id | album_title | album_length | album_genre | artist | copies_sold | sales_period |
---|---|---|---|---|---|---|

1 | Wednesday Morning, 3 A.M | 0:31:38 | Folk | Simon & Garfunkel | 1043 | 2022_1Q |

2 | EnRoute: John Scofield Trio LIVE | 1:13:48 | Jazz | John Scofield Trio | 512 | 2022_1Q |

3 | Nasty Gal | 0:39:15 | Funk | Betty Davis | 809 | 2022_1Q |

4 | The New Folk Sound of Terry Callier | 0:37:41 | Folk | Terry Callier | 903 | 2022_1Q |

5 | In a Silent Way | 0:38:08 | Jazz | Miles Davis | 428 | 2022_1Q |

The dataset is a list of albums with their length, genre, artist, and sales data, including the number of copies sold and the period (quarters). The data goes all the way to the third quarter of 2023.

I’ll first show you several examples, explaining each crucial part of the windowing functions’ syntax along the way.

### Syntax Example #1: OVER ()

You can use the `SUM()`

window function with only the `OVER()`

clause to get the total sales in the fourth quarter of 2022:

SELECT sales_period, album_title, artist, copies_sold, SUM (copies_sold) OVER() AS sold_in_4Q_2022 FROM album_catalogue WHERE sales_period = '2022_4Q';

I want the sum of the copies sold, so I specify this column in `SUM()`

. The `OVER()`

clause is mandatory. If you want to use `OVER()`

without any of the optional clauses, just leave the parentheses empty.

I use `WHERE`

to output only data from the desired quarter.

When you write a query like this – with an empty `OVER()`

– the whole result set (selected columns, applied filters, etc.) is taken into account when performing the window function calculations. Here, the result shows the individual sales of every album sold in the fourth quarter of 2022. It also shows the total sales of all albums sold in that period.

sales_period | album_title | artist | copies_sold | sold_in_4q_2022 |
---|---|---|---|---|

2022_4Q | Wednesday Morning, 3 A.M | Simon & Garfunkel | 809 | 7,403 |

2022_4Q | EnRoute: John Scofield Trio LIVE | John Scofield Trio | 612 | 7,403 |

2022_4Q | Nasty Gal | Betty Davis | 369 | 7,403 |

2022_4Q | The New Folk Sound of Terry Callier | Terry Callier | 214 | 7,403 |

2022_4Q | In a Silent Way | Miles Davis | 65 | 7,403 |

2022_4Q | Cold Sweat | James Brown | 209 | 7,403 |

2022_4Q | The Freewheelin' Bob Dylan | Bob Dylan | 246 | 7,403 |

2022_4Q | My Favorite Things | John Coltrane | 377 | 7,403 |

2022_4Q | A Whole New Thing | Sly and the Family Stone | 816 | 7,403 |

2022_4Q | Five Leaves Left | Nick Drake | 400 | 7,403 |

2022_4Q | Head Hunters | Herbie Hancock | 409 | 7,403 |

2022_4Q | In the Right Place | Dr. John | 912 | 7,403 |

2022_4Q | Blue | Joni Mitchell | 412 | 7,403 |

2022_4Q | Concierto | Jim Hall | 612 | 7,403 |

2022_4Q | Dirty Mind | Prince | 941 | 7,403 |

With the help of `SUM()`

and `OVER()`

, I’m able to show each individual album’s sales and quarterly total.

### Syntax Example #2: OVER (ORDER BY)

You can add additional clauses inside the `OVER()`

clause to change the definition of the window frame. One such clause is `ORDER BY`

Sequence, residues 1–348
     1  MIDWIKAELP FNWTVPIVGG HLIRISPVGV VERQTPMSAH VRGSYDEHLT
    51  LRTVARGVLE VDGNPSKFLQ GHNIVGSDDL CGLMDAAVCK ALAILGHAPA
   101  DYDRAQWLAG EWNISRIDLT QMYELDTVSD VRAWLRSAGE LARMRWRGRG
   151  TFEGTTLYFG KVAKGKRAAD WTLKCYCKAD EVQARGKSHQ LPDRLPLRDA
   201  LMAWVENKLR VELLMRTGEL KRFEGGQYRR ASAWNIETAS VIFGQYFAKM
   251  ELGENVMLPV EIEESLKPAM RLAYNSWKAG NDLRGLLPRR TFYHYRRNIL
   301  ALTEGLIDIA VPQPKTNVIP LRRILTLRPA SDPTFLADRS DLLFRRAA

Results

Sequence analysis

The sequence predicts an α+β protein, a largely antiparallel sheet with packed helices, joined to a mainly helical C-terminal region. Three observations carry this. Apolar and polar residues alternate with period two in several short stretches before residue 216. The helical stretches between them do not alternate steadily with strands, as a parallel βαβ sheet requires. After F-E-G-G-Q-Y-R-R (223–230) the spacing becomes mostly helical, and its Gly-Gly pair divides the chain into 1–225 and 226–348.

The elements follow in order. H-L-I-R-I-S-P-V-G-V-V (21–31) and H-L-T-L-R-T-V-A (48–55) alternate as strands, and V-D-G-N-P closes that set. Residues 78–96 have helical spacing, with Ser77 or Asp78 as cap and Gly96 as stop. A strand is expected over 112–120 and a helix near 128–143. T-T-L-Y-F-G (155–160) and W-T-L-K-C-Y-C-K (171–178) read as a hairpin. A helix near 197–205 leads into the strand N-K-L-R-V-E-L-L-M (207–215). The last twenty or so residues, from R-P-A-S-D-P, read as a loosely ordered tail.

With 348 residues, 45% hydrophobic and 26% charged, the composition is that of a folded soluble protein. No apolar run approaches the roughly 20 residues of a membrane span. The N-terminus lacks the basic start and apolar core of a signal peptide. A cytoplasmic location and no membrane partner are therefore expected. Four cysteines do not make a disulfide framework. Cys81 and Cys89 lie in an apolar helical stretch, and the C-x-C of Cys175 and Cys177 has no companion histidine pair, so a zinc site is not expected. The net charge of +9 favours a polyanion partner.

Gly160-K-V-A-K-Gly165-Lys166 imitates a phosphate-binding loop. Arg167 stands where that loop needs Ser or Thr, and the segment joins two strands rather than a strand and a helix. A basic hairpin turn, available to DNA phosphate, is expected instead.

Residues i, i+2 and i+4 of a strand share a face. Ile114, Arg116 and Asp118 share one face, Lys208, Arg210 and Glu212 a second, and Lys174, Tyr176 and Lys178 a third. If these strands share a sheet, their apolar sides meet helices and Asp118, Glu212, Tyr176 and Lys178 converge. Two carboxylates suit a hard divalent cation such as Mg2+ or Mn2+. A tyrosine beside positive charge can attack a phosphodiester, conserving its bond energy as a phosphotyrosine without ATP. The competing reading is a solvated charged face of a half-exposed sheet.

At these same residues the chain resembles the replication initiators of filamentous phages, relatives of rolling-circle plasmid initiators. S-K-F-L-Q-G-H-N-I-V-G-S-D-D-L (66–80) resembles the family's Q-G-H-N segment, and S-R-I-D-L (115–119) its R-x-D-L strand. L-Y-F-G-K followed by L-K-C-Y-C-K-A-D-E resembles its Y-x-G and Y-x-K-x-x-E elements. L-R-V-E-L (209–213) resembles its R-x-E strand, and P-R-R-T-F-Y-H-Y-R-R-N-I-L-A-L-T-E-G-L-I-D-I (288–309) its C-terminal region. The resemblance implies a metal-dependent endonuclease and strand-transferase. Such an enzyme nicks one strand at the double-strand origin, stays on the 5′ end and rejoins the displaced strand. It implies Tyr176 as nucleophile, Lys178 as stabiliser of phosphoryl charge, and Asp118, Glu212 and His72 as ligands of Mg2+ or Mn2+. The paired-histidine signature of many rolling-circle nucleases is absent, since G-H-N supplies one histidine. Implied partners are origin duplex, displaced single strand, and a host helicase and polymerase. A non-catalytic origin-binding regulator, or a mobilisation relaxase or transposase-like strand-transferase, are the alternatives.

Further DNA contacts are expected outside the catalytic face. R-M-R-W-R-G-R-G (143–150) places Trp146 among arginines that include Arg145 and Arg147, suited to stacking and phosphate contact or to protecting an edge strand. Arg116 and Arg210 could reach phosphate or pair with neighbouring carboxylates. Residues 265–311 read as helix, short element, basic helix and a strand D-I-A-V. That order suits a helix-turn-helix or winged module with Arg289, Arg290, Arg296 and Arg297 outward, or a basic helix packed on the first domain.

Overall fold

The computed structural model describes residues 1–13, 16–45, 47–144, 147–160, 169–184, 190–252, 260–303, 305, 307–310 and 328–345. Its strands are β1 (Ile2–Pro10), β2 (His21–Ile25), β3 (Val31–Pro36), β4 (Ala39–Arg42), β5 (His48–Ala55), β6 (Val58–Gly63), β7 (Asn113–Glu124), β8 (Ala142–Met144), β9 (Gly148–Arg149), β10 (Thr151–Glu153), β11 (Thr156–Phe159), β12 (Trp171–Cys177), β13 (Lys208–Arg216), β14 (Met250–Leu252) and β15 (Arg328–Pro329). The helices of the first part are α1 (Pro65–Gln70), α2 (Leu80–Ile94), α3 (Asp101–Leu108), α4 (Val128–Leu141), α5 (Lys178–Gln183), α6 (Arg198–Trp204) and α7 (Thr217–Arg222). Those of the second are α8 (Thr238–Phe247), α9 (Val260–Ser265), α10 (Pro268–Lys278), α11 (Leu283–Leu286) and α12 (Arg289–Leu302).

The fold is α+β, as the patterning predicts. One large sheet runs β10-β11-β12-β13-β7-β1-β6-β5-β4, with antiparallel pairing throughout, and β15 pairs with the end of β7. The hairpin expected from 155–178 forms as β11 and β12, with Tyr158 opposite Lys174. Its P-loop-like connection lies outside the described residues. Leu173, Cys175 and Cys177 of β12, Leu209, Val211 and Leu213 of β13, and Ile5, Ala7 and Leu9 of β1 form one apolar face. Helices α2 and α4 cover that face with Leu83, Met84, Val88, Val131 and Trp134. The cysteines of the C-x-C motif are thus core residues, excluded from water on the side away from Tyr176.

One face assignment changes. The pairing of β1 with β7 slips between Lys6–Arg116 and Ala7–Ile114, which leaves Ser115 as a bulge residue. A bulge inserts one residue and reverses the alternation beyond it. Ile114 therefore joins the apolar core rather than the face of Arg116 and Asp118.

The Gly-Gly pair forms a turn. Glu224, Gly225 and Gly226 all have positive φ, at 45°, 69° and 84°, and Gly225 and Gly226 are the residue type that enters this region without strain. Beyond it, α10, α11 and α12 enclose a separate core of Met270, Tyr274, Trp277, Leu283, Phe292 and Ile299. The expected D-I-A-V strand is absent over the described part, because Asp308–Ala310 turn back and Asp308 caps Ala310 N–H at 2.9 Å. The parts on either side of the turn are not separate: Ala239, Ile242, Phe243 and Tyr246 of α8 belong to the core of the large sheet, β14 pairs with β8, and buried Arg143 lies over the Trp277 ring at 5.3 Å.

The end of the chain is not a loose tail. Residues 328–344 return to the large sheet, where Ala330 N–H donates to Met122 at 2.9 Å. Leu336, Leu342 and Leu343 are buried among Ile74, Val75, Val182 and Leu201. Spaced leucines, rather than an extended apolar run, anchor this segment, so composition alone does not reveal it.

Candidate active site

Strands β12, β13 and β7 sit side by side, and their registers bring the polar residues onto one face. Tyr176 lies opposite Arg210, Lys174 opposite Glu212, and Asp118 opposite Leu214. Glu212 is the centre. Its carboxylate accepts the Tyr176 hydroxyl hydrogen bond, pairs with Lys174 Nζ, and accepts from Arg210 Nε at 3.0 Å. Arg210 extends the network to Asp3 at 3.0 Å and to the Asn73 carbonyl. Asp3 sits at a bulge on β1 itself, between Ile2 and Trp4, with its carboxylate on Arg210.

. The `ORDER BY`

clause defines the sorting of rows within a window frame: the rows can be processed by the window function in a given order.

Let’s see an example. You can calculate the cumulative sum by adding `ORDER BY`

to the previous query. In this example, I want to see how the album ‘In the Right Place’ sells over time and the cumulative number of albums sold up to a given period of time. Here’s the query:

SELECT sales_period, album_title, artist, copies_sold, SUM (copies_sold) OVER(ORDER BY sales_period ASC) AS cumulative_sum FROM album_catalogue WHERE album_title = 'In the Right Place';

The same column `copies_sold`

is in `SUM()`

. This time, `OVER()`

contains the `ORDER BY`

clause. You want to show the cumulative sales from the earliest to the latest quarter. That’s why you need `sales_period`

and `ASC`

in `ORDER BY`

.

sales_period | album_title | artist | copies_sold | cumulative_sum |
---|---|---|---|---|

2022_1Q | In the Right Place | Dr. John | 222 | 222 |

2022_2Q | In the Right Place | Dr. John | 208 | 430 |

2022_3Q | In the Right Place | Dr. John | 94 | 524 |

2022_4Q | In the Right Place | Dr. John | 912 | 1436 |

2023_1Q | In the Right Place | Dr. John | 912 | 2348 |

2023_2Q | In the Right Place | Dr. John | 56 | 2404 |

2023_3Q | In the Right Place | Dr. John | 562 | 2966 |

In each row, you can see the sales for each quarter and the cumulative sum, i.e., the sum of the current and all the previous quarters. For instance, the album sold 94 copies in the third quarter of 2022. The total sales in 2022 up until then (or in three quarters) is: 222 + 208 + 94 = 524.

### Syntax Example #3: OVER (PARTITION BY)

Another clause you can use in `OVER()`

is `PARTITION BY`

. `PARTITION BY`

is used to divide the window into smaller segments based on some criteria. For example, you can list the albums, their sales data for the fourth quarter of 2022, and the sales by genre for that quarter:

SELECT album_title, artist, copies_sold, album_genre, SUM (copies_sold) OVER(PARTITION BY album_genre) AS sales_by_genre FROM album_catalogue WHERE sales_period = '2022_4Q';

Again, we use the same window function `SUM()`

. This time, though, we use `PARTITION BY`

to divide the window into smaller segments based on album genre. Everything else stays the same.

The query returns the result below. It’s an analysis of album sales data by genre for the last quarter of 2022.

album_title | artist | copies_sold | album_genre | sales_by_genre |
---|---|---|---|---|